Speaking of injuries, Illinois won its first game without scoring wing Rayvonte Rice, but in their second contest – against Nebraska’s tough defense – they shot 35% from two and 20% from three (an eFG of 33%) en route to 0.72 points per possession and just 43 total points. Illinois was feisty with Rice – and did beat Maryland without him – but that game should sound the alarm for an offense that didn’t look particularly good last year, even with Rice.
That upset over Maryland showcased Malcolm Hill, who might be the best sophomore in the conference. He’s a legitimate inside-outside threat and capable of taking on high usage: Hill scored 28 points and grabbed 7 rebounds in the win over Maryland and he’ll have to carry an otherwise anemic Illini offense until Rice gets back.
Northwestern was extremely close to pulling a shocking upset in East Lansing behind an atypically excellent three-point shooting performance; the Wildcats shoot just 35% from three on the season, but they made 12-25 against State – noted chucker Tre Dempts was 3-9, but the rest of the team made 9 on 16 attempts, the type of three-point luck needed to pull a colossal upset. Alas, a last-second Demps miss sent the game into overtime, where Michigan State prevailed.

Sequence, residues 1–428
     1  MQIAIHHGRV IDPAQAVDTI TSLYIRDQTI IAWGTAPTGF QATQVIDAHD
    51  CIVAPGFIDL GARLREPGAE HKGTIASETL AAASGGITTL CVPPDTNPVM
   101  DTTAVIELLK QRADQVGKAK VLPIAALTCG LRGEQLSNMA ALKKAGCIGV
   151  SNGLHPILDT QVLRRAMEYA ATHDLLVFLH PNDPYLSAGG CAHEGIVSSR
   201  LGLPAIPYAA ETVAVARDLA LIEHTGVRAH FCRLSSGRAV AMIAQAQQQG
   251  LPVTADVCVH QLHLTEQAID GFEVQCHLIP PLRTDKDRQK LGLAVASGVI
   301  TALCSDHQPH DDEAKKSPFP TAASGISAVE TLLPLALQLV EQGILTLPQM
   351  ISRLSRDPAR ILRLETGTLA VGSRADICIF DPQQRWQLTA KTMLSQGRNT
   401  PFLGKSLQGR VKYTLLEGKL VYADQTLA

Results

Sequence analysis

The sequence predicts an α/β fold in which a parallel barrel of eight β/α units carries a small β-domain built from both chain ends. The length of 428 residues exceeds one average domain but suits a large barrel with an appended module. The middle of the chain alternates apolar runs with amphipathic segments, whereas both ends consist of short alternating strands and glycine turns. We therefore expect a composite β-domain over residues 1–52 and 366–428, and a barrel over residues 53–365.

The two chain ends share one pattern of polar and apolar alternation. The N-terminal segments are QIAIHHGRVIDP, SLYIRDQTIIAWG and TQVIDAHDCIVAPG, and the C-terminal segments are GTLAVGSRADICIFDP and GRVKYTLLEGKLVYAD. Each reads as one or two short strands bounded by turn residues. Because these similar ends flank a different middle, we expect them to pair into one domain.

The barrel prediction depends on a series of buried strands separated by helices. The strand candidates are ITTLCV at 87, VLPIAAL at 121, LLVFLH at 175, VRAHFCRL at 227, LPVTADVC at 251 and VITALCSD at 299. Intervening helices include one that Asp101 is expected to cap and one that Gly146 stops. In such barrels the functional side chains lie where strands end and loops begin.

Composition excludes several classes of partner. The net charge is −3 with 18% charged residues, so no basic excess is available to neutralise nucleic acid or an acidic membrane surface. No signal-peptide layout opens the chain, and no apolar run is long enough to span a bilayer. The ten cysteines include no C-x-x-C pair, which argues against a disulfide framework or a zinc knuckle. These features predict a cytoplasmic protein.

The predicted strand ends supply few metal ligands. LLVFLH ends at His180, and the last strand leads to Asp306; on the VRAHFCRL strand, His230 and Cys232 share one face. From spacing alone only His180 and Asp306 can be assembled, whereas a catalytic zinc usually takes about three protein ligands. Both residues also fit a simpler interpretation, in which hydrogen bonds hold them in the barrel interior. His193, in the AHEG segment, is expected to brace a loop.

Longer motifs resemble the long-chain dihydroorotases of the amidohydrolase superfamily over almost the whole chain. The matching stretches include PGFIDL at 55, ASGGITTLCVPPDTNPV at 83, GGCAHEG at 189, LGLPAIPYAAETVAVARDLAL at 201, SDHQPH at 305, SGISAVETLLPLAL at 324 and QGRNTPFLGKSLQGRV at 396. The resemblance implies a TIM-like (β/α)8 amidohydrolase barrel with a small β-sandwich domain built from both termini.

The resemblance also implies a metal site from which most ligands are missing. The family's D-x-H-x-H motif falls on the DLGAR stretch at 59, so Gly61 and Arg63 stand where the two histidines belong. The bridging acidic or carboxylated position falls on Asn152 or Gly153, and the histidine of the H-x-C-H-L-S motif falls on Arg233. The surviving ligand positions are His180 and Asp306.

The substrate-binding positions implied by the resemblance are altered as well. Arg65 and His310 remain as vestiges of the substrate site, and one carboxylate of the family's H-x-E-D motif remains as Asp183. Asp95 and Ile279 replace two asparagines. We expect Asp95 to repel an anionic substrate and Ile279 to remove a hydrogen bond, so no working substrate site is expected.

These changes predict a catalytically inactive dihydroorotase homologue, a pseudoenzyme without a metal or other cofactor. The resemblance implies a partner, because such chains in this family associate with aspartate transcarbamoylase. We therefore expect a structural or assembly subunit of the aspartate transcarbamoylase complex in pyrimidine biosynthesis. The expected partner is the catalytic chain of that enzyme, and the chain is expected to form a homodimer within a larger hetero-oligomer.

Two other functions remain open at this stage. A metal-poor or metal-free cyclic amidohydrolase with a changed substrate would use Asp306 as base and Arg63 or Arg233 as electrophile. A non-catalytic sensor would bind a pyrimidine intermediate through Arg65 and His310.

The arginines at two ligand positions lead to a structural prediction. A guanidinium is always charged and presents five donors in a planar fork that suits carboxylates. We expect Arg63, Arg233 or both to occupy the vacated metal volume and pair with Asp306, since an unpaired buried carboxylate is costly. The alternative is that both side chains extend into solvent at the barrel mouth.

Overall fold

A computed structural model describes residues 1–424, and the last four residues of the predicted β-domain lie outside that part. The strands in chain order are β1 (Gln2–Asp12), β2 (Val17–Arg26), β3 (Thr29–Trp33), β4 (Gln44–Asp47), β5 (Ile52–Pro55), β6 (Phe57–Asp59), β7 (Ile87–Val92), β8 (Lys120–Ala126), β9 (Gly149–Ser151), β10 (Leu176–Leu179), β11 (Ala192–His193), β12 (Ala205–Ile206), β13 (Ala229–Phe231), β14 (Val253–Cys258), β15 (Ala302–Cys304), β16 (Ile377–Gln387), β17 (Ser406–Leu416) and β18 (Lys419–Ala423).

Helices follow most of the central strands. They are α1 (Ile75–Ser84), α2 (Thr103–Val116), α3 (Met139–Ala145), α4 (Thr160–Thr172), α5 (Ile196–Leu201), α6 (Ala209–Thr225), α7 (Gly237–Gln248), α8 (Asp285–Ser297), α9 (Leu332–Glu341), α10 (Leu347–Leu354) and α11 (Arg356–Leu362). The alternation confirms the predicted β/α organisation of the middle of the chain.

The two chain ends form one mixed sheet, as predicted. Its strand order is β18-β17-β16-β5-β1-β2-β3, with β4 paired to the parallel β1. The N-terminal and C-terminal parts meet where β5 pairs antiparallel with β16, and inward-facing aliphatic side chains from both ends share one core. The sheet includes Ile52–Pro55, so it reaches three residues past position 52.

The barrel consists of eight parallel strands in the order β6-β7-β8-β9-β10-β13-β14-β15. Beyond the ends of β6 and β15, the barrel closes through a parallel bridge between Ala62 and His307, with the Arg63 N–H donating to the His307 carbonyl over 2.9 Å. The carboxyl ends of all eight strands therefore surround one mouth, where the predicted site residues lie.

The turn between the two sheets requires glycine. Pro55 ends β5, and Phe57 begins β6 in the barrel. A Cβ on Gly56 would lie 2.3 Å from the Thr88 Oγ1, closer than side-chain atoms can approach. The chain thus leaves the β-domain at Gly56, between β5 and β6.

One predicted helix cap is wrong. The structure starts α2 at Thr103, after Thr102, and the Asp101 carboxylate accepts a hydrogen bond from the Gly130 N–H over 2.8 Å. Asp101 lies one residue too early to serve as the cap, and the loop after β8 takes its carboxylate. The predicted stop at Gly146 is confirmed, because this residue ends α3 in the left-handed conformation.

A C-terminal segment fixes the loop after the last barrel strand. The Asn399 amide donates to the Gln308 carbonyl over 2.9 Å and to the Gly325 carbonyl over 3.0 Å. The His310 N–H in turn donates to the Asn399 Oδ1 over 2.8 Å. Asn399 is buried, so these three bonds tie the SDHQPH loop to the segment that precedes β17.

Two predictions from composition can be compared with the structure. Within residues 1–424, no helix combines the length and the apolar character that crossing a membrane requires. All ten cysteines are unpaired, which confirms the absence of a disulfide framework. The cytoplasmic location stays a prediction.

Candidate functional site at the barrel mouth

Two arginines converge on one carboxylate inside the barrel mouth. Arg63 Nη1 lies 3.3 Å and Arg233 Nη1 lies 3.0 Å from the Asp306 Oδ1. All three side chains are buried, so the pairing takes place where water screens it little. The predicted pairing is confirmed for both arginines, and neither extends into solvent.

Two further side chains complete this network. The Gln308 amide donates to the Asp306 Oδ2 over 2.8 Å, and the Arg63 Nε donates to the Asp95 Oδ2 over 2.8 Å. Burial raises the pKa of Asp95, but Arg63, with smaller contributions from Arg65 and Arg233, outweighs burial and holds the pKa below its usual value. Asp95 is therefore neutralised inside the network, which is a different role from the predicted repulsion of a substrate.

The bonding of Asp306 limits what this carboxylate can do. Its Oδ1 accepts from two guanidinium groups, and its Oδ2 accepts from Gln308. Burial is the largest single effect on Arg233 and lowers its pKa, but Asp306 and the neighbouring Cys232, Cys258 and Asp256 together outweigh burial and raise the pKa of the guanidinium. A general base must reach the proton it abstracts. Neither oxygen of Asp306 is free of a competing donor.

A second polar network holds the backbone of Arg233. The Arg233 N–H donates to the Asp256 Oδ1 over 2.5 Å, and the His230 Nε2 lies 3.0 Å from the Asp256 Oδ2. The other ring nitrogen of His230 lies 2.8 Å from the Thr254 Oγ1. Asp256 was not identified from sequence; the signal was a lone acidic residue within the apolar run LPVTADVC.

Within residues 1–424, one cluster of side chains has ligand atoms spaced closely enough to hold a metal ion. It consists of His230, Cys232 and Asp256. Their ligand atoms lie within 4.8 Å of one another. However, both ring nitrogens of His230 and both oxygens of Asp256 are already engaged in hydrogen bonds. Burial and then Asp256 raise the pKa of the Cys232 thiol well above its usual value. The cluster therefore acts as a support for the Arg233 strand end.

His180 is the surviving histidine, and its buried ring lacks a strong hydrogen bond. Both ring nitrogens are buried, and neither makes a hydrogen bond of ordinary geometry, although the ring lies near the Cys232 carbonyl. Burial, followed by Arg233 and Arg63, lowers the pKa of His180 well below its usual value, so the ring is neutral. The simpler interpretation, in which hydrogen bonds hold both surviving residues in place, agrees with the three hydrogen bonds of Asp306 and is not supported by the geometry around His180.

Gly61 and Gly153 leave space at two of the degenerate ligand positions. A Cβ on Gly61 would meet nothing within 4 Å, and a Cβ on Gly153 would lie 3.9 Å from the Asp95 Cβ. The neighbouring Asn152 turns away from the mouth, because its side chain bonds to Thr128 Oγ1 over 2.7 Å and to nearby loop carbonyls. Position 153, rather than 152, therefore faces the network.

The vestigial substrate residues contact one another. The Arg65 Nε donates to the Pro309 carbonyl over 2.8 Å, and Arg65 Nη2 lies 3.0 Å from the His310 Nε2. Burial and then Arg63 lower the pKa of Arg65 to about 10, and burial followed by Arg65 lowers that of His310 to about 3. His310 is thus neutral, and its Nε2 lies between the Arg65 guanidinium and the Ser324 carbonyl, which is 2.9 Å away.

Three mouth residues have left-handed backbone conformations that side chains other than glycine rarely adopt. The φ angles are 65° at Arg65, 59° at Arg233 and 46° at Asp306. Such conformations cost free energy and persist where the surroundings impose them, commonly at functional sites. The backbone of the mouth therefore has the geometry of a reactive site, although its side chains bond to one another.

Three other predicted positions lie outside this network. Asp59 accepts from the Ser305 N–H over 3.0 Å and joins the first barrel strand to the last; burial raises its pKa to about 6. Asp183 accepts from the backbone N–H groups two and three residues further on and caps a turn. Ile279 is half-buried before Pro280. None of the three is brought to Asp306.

Don’t look now, but Nebraska has the fourth-best efficiency margin in conference play thus far – their offense is fairly pedestrian (at best), but their defense is elite compared to the rest of the conference. Like Michigan, they have an uphill climb to the NCAA Tournament but they might not just be dead yet.
8. Michigan’s Week That Was
RICKY DOYLE BAPTIZING MO WALKER DOT JPG (Bryan Fuller / MGoBlog)
Almost out of necessity, Michigan won its two games last week against Penn State and Minnesota. In order for the Wolverines to continue cobbling together a ramshackle NCAA Tournament profile, they’ll need to steal road games against the dregs of the conference and hold serve at home for the most part.
They did so in each of these two games; Michigan shook off an abnormally sloppy game by hitting 9 threes (on just 15 attempts) to coast to a win over a probably-not-very-good-at-all Penn State team – they broke out the 1-3-1 zone to great effect for the second consecutive game to surge past Minnesota for a narrow, critical win. Neither game was particularly encouraging, but it’s hard to complain after wins, considering this team’s non-conference season.